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Understanding Mediation and Alternative Dispute Resolution

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Traditionally, if you were locked in a dispute, there were two options to resolve it. You either managed to sort it out between the parties involved, often using solicitors to negotiate a deal, or you let the courts decide the outcome. One problem with the court approach is that neither party has any control over the decision and, by then, they have usually invested a lot of effort and expense.

Sometimes there are very good reasons why court proceedings are not the best route to resolve a dispute. Costs, publicity or delay can make either party to a dispute keen to avoid the litigation process.

Why mediate?

Mediation is often a good alternative. It is a kind of turbo-charged negotiation and the courts actively encourage it, because its high success rate eases pressure on public resources. The key reasons for mediating are:

  • With litigation, for claims under £10,000, your legal costs cannot be recovered from the other side.
  • Mediation is a voluntary process and both parties need to agree in order for it to take place. As a result, this usually means there is greater commitment to the process.
  • Mediation can reduce the confrontation levels and often produces unexpected outcomes, such as the re-establishment of a business relationship, which going to court would not.
  • Mediation suits cases where the issues are not clear cut, as it encourages compromise, rather than relying on finding absolute fault.
  • It is fast. It usually takes only one day, as everyone’s interests are focused on the same result and views are exchanged openly.
  • It is geographically flexible and can take place via video-link or telephone if the parties cannot actually meet.
  • It can take place outside normal office hours.
  • It has a high success rate. Our experience is that 85% of cases are successfully resolved within 2 weeks of starting the mediation process.
  • The courts are very keen to promote mediation and therefore if a party to a case unreasonably refuses to mediate, the court can penalise them at a later date in the court case, by making them pay some of the opponents’ legal bill. This is a very important factor when considering whether to go to mediation and your legal adviser will be able to explain more.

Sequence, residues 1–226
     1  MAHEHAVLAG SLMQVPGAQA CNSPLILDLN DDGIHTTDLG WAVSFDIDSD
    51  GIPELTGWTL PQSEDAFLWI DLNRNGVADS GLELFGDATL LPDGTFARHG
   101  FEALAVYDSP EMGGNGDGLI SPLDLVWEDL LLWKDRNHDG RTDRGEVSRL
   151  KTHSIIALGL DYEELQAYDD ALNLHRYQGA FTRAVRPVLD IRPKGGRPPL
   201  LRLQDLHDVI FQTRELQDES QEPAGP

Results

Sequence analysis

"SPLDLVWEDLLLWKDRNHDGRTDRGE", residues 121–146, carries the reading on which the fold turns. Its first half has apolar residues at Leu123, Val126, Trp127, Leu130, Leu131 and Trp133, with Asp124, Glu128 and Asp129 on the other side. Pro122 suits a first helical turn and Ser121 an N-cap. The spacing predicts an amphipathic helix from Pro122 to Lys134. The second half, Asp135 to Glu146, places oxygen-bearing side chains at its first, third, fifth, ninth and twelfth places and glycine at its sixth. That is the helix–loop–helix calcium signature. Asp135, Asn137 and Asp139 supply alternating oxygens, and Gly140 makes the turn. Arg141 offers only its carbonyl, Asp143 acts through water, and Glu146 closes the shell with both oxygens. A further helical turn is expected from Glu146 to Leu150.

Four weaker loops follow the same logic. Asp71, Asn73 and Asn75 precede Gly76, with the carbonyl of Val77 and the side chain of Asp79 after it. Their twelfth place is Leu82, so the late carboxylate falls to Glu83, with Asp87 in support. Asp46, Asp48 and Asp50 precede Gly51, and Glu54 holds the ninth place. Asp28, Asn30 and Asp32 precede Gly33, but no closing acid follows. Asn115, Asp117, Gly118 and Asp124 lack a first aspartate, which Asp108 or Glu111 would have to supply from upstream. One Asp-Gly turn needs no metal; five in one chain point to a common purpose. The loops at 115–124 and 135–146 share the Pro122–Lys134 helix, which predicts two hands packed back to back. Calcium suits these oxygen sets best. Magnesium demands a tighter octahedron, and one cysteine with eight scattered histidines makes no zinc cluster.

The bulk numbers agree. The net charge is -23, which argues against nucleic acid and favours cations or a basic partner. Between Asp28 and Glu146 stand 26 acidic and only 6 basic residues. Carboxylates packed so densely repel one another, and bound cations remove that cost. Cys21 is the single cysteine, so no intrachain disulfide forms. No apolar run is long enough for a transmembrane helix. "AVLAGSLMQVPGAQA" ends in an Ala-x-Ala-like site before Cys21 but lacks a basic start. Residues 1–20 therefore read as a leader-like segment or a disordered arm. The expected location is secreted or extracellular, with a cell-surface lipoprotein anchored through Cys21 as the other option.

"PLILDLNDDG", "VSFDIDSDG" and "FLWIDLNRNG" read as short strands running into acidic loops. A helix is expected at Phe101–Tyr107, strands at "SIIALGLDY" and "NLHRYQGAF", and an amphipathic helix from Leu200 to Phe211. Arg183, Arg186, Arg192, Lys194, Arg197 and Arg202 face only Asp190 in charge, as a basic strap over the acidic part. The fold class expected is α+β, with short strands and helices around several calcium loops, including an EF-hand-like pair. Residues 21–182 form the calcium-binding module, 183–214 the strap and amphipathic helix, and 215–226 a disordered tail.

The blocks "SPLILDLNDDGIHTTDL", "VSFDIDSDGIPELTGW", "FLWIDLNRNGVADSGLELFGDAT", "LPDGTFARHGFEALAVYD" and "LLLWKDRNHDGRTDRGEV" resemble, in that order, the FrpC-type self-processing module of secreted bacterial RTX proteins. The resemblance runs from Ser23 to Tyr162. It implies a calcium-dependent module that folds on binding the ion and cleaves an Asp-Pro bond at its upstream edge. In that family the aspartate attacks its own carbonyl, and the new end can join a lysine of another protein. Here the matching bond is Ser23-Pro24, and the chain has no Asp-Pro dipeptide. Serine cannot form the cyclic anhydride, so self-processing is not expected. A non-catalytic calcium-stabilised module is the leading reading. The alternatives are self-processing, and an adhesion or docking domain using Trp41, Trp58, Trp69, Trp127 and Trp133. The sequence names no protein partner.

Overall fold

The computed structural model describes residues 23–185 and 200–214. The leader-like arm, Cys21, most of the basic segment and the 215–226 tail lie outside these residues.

What actually happens?

Mediation will typically involve the following steps:

  • Each party makes sure that it understands its own case well enough to explain it to a third party.
  • A mediator is appointed by the parties jointly, and a date is fixed for the confidential, without prejudice mediation.
  • The mediator will normally hold an initial face-to-face meeting to explain the process, and invites each party to make a short presentation of their positions.
  • The parties then move into separate rooms, and the mediator has discussions with each.
  • The mediator will seek to understand what each party wants to achieve and encourages them to make offers to settle.
  • If an agreement is reached it is written down and becomes a binding legal agreement. Court proceedings can be stopped and the parties can move on.
  • If an agreement is not reached, the parties can continue with court proceedings with a clearer understanding of the key issues, or maybe having resolved certain issues. However, they are not able to refer to the confidential mediation in court or otherwise.

Does it work?

Wards Solicitors offer a specialist mediation service.  James Taylor is a Senior Disputes Partner and also a qualified Mediator, who was accredited by the nationally renowned ADR Group in 2004, and is happy to accept mediations to act as mediator.  We are also able to represent clients at a mediation where a third party independent mediator is instructed.

Several of our clients have received six-figure sums by using mediation and there is no limit on the value of disputes that mediation can resolve. We have carried out mediations in areas such as land, contract and probate disputes, and have attended many mediations, either as a mediator or as one party’s representative.

We accept referrals from lawyers, accountants, surveyors, businesses and direct from the public and have 10 offices throughout Bristol, South Gloucestershire and North Somerset, all with good meeting facilities.

What will it cost?

James Taylor’s fees to act as a mediator, based at our offices, for a three hour mediation between two parties can cost as little as £500 plus VAT per party, or £750 plus VAT per party for a full day.

We are also happy to travel throughout the South West, South Wales and the Midlands to conduct mediations.  For us to represent you at mediation will cost more and we can provide full details on request.

Or contact James Taylor on 01454 204880 or email james.taylor@wards.uk.com

Find out more about James’ experience 

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    February 2021: Covid-19 arrangements

    Wards Solicitors remains open for business during the national lockdown and we are taking on new cases.  We are available for video call and telephone meetings but cannot currently offer face to face meetings with clients except in some specific emergency situations and at court hearings.

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